Economic Risks - Extremely Important! - No control Business Risk or Management Risks - More controllable than economic risks Financial Risk - Leverage - most controllable decision Liquidity Risks - Significant for all direct investments Political Risks - Over time has become more significant - No control
Real Estate Principles for the New Economy: Norman G. Miller and David M. Geltner

Risk Analysis at the Property Level


Sensitivity Analysis: Cash flow pro-formas
are developed and then ranges of uncertain variables are tested for their impact on key financial ratios and cash flow

Simulation Analysis: When an entire range

of probable estimates are tested for several variables at one time, and the resulting distributions of probable results generated

Real Estate Principles for the New Economy: Norman G. Miller and David M. Geltner

Managing Risk
Risk management is accomplished through
negotiation and contracting, or in some cases the purchase of insurance or hedge investments demand and supply, are for the most part uncontrollable lease that expires in the future might be managed through negotiation the use of more or less leverage

Economic risks, based on expected market

Yet, the risk of a given tenant renewing a

Financial risks might also be managed by


Real Estate Principles for the New Economy: Norman G. Miller and David M. Geltner

Managing Risk (Contd.)


More leverage or debt as a proportion of
the total purchase price will result in greater variability of returns priced

Risks that cannot be shifted must simply be That is, the investor must figure out how

much extra expected return they require in order to take on the additional risk, known as risk premiums

Real Estate Principles for the New Economy: Norman G. Miller and David M. Geltner

Risk Premiums Example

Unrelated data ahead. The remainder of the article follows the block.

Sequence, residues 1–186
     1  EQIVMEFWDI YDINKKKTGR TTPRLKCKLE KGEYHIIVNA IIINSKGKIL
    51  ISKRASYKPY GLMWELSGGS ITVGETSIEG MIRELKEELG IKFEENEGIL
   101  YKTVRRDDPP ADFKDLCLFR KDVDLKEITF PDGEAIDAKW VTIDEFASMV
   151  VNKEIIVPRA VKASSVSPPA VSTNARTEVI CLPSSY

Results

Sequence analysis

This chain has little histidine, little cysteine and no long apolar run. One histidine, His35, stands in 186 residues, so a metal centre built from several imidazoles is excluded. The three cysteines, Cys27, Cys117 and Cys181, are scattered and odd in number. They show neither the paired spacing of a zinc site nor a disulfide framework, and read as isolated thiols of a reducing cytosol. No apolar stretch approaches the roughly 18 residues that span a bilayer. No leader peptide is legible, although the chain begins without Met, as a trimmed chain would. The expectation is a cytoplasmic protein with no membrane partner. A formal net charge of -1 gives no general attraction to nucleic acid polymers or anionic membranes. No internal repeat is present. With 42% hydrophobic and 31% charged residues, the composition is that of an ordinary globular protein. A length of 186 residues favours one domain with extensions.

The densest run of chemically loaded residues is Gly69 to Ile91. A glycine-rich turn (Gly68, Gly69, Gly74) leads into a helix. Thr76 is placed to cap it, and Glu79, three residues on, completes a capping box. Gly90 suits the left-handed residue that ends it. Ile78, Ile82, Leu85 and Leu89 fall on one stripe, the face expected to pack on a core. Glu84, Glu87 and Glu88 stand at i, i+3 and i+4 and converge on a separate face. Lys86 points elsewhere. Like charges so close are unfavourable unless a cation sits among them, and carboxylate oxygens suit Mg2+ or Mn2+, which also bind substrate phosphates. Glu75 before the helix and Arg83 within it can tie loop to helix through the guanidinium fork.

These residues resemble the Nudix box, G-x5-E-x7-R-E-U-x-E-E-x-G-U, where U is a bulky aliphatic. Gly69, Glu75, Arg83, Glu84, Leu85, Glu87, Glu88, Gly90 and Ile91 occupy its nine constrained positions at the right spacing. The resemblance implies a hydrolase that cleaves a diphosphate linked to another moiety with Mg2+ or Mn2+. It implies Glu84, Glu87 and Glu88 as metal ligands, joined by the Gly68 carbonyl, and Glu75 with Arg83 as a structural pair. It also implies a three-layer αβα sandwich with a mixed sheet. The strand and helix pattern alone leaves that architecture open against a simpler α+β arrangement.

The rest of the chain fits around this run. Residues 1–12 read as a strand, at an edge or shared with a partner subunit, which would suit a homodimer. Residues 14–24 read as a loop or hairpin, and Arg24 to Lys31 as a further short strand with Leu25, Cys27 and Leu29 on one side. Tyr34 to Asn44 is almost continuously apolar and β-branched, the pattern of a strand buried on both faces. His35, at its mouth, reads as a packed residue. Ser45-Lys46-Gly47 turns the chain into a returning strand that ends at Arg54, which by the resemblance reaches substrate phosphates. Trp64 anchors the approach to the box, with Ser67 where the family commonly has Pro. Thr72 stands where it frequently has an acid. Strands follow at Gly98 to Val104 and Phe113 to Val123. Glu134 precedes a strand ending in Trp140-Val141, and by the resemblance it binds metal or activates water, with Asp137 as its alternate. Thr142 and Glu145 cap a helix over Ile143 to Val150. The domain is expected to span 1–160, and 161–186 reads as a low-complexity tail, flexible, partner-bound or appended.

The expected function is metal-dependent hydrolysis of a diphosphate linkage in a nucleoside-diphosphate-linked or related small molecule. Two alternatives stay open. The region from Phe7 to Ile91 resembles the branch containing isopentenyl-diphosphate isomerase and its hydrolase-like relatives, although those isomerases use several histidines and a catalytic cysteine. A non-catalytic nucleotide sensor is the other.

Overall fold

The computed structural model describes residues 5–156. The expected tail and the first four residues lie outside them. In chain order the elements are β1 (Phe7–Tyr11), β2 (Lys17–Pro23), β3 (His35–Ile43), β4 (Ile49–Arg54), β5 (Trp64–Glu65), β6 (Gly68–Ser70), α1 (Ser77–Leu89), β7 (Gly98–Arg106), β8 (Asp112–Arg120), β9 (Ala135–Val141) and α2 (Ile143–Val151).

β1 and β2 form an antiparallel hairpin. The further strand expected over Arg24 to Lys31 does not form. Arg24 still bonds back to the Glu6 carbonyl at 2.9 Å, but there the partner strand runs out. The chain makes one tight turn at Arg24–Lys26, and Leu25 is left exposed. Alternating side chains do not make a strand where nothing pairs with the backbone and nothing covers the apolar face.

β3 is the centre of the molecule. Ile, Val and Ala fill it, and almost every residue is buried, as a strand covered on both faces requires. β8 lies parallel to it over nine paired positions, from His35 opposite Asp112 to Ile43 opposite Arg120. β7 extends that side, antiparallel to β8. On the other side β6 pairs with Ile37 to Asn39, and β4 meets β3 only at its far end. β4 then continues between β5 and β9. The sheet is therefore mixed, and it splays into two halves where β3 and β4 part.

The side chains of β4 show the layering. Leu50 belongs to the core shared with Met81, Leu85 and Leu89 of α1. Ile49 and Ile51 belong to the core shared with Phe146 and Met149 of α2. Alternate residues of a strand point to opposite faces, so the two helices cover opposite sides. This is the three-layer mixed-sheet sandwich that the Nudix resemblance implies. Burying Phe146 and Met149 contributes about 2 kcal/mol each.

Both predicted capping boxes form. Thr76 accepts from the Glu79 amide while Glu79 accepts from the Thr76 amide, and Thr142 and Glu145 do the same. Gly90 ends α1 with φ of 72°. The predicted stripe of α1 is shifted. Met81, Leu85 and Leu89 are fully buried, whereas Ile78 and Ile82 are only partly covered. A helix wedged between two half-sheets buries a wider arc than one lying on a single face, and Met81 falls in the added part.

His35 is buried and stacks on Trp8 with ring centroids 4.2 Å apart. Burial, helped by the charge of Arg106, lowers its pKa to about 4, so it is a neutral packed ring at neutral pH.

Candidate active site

Assume the following current capital market rates and investment specific required premia: Risk free short term real rate (prior to inflation) = .015 or 1.5% = Rf Expected annual inflation = .03 or 3.0% = EI Liquidity risk premium = .015 or 1.5% = LP (for the difficulty of quickly selling real estate) Economic, business and political risks = .04 or 4.0% Total Return: R = Rf+EI+LP+other risk premia = 10%

Real Estate Principles for the New Economy: Norman G. Miller and David M. Geltner

Portfolio Perspectives
Portfolio risk is based on the estimate of
return volatility for an entire basket or investments generally will lower total portfolio risk

Combining two or more risky investments This is a result of the less then perfect

correlation of the individual asset returns, correlations over specific investment horizons then the total portfolio risk can be drastically reduced
Real Estate Principles for the New Economy: Norman G. Miller and David M. Geltner

When the individual assets show negative

Market Efficiency and Real Estate


Markets are efficient to the extent that all of the available information is reflected in the current market prices Efficient markets have no trading (buying or selling) based on inside information It is still possible to achieve above average market returns

Real Estate Principles for the New Economy: Norman G. Miller and David M. Geltner

Creative Advantages of Partnership and Investment Structuring


One advantage of real estate versus other types of assets is that even a single investment can be structured to achieve individual investor objectives

Example: one investor may want current returns and another may want future wealth By structuring an investment with various contractual interests (securities or mortgages) that direct the return priorities to different investors multiple investors can achieve their objectives G. Miller and David M. Geltner Real Estate Principles for the New Economy: Norman

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Real Estate Principles for the New Economy: Norman G. Miller and David M. Geltner